Ray: I think that’s the key piece. I mean, we’ve delivered a level or layer of customer choice that didn’t exist. How can that be a bad thing? If you don’t like the program, just, pop, turn it off. And you can turn it on an hour later if you want, right? I mean it’s not…
Sievert: I actually don’t think they think it’s a bad thing, like this think tank that critiqued it, I just think they’re using it as an opportunity to get in the news. I mean, they’ve got an agenda around net neutrality — which by they way, we applaud, we’re huge fans of net neutrality at T-Mobile. But I think somebody that’s got an agenda views this as a platform to make a bunch of points and get in the news and it’s really unfortunate because the customer is the one that gets caught in the crossfire. We’re passionate about giving customers great choices and control and power and innovation like Binge On, that’s what we’ve done. And you know, the true test is the customer, which we think we’re very in touch with and they just love this thing. It’s fantastic.
Carter: I think that there’s really three cornerstones to threading the needle here. And there’s a lot of complex law and interpretation on it, but the opt-in or -out part is absolutely key. The next key is open door. This is available to anybody (any video service) who wants to take advantage, to join the whitelist. All they have to do is comply with our fairly simple technical requirements. And there’s no payment to T-Mobile in the open-door policy. Come all, come everyone. And it’s the right thing to do. And I think the third aspect is it’s fair and free. And when you look at all three of those, you know we’re highly confident under all the various interpretations and standards out there, that this is an innovation that will stand the test of time.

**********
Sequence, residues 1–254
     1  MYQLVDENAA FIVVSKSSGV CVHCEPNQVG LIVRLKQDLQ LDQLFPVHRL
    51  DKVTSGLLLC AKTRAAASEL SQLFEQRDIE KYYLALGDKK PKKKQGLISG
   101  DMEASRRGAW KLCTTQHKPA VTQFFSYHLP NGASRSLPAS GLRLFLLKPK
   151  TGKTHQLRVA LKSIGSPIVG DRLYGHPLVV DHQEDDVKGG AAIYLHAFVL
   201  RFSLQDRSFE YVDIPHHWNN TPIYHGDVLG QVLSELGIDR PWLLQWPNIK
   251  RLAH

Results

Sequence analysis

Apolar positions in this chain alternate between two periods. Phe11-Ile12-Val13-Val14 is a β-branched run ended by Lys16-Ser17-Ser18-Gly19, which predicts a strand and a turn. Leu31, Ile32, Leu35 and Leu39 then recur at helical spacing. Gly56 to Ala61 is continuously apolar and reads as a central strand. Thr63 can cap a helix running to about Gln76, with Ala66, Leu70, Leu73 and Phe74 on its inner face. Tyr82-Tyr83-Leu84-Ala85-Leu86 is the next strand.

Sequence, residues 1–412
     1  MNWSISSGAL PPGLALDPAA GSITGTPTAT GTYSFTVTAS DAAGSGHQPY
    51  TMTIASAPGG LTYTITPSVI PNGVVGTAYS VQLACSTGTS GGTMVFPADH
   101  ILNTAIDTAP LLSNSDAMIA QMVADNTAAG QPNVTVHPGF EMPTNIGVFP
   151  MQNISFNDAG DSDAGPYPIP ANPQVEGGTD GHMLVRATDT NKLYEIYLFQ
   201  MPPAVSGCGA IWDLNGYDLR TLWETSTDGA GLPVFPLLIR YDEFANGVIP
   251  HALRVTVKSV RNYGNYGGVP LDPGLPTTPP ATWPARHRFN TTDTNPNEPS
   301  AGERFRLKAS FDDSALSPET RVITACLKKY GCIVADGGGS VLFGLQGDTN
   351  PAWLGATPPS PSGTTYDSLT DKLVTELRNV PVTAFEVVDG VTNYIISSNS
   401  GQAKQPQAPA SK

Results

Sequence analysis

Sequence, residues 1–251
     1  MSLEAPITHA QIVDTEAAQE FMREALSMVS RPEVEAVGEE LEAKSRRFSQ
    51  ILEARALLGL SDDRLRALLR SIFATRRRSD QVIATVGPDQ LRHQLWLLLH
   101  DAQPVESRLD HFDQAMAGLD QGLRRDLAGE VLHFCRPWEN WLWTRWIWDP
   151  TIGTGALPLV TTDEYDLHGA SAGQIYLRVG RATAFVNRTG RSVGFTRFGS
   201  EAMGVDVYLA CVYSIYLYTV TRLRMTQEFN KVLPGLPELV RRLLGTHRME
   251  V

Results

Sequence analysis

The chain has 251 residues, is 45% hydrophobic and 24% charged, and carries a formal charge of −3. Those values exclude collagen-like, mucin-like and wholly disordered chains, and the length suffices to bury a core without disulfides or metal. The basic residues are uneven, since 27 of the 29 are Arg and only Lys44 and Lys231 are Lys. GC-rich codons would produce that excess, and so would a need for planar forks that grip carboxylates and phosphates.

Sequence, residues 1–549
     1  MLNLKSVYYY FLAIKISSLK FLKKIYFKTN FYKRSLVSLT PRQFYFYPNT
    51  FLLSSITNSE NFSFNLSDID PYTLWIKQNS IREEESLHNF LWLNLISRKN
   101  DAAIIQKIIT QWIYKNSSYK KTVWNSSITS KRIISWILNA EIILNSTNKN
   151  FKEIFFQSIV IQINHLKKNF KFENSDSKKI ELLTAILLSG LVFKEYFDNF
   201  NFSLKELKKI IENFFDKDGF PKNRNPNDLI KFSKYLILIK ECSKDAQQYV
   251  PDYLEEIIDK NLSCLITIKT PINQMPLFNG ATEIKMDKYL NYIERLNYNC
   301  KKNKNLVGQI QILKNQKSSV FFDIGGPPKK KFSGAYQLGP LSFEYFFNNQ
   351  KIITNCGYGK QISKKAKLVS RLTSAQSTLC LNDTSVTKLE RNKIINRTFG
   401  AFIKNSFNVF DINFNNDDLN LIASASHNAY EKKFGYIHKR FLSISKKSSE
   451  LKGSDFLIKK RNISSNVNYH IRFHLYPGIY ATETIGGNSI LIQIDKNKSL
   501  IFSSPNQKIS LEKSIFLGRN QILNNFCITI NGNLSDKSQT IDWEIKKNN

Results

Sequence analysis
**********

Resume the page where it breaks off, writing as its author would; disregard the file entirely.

Update: T-Mobile CEO John Legere jumped in to protect Binge On as well. In the video below, he reiterates many of the points made above, again hitting on the idea that organizations are making a fuss about this just to get some press.
He also notes that T-Mobile customers are streaming 12 percent more video that before the Binge On program started, with one service streaming to 66 percent more daily viewers. However, the service was automatically turned on after a couple announcements, which means that many users may not even know they’re not using up data to stream videos.